Sunday, June 26, 2016

Forsaking All Others

From the time he was eight years old, Grant Desme knew what he wanted to do with his life. He wanted to be a major league baseball player. With a focus rarely seen in such young children, he committed himself to learning the game, long hours of practice in the field and seemingly endless sessions in the batting cages.

Because of his hard work and dedication, he was able to excel at every level. He advanced from Little League through high school and into the minor leagues until he was finally drafted by the Oakland A’s.

However, in 2007, he was sidelined by a shoulder injury and had to sit out much of the season. During that time, he realized just how fragile his dream was. With a simple injury, he could lose his whole career. He began to think more about what was most important in life. Though he had always been a committed Catholic, he meditated more on what it was that God wanted for him.

During that time, he came to another realization. He had worked very hard over the years to get to where he was. He always thought that the fulfillment he was seeking was just around the corner. If he could just get to the major leagues, he told himself, then he would be happy. But no matter how far he advanced, he still felt the same emptiness inside. Though he had everything a young man could ask for - a career in professional sports, a huge bank account, a flashy car - he knew there was something lacking but he could not quite put his finger on what it was.

When Grant recovered from his injury, he came back stronger than ever. The pinnacle of his success occurred in 2009 when he was voted the most valuable player of the Arizona Fall League. It was just a matter of time until he would be called up to play in the big leagues. However, it was at the height of his success that he realized what it was that was missing in his life. God was calling him to be a priest and he knew that until he said “yes” he would never be happy. And so, in January 2010, he shocked the professional baseball world by announcing that he was terminating his contract with the Oakland A’s and entering the novitiate for the Franciscan friars.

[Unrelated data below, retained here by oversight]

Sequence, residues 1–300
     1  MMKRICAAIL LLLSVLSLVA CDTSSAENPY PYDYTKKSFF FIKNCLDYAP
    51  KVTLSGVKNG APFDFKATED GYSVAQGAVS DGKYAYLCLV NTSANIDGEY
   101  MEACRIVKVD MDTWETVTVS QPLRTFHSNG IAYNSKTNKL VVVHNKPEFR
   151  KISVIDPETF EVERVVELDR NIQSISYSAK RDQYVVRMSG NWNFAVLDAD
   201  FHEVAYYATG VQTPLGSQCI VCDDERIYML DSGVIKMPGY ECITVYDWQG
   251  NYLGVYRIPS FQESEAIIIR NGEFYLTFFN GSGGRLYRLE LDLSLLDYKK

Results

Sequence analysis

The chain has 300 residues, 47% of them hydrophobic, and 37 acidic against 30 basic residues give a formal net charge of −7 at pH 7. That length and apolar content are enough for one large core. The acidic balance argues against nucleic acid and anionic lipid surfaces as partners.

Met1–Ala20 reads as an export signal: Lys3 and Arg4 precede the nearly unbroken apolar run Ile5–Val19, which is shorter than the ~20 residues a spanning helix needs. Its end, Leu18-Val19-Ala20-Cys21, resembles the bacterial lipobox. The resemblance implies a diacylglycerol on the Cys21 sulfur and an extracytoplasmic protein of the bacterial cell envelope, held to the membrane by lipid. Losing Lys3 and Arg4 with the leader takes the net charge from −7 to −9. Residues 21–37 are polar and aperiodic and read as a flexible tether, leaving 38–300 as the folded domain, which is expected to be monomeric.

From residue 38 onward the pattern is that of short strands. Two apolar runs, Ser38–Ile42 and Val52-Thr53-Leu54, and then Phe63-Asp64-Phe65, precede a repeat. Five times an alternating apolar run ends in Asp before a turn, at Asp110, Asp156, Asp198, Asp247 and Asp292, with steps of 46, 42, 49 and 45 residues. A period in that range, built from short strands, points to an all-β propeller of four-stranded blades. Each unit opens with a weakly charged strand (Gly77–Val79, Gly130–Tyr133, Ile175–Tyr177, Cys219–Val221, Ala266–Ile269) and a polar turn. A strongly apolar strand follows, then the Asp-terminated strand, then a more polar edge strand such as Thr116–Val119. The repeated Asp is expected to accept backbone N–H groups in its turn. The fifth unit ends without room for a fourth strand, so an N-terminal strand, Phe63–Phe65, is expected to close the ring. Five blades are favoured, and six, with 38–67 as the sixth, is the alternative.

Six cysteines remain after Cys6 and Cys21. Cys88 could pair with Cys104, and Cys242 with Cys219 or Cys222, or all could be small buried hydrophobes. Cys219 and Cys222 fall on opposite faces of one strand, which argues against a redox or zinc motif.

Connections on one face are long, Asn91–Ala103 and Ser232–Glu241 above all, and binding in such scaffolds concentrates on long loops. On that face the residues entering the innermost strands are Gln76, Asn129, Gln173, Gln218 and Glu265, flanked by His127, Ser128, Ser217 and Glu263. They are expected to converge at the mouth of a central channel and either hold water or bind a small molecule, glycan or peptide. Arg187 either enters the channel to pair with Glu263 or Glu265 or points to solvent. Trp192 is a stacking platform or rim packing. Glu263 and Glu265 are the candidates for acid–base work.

One would think that, three years later, living the vows of poverty, chastity and obedience, a young man who had everything the world could offer would regret his decision to leave it all behind. However, in an interview with the National Catholic Register, he said that he did not miss his life in baseball at all. Though he had left everything behind, he found a new freedom and a new joy in serving Jesus. He had already experienced all that the world had to offer and found that it could not satisfy him. Now he was seeking after the treasure that only God can give him.

Grant Desme exemplifies what Jesus is looking for in his followers - someone who is willing to give up everything to follow him. As we see in the gospel reading today, our Lord seeks women and men willing to stop making excuses, leave everything behind and follow Him to Calvary. When we do find the courage to accept Jesus’ offer to follow him, we do not experience regret or grieve over what we have left behind. Rather we experience joy, we find fulfillment and the happiness we thought we could find in the world and its empty promises. If God asks us to leave something behind whether it be material possessions, relationships or bad habits, it is because He has something even greater to offer us. This is what Grant Desme experienced and that is what all those who find the grace to say “yes” to Jesus no matter what he asks also experience.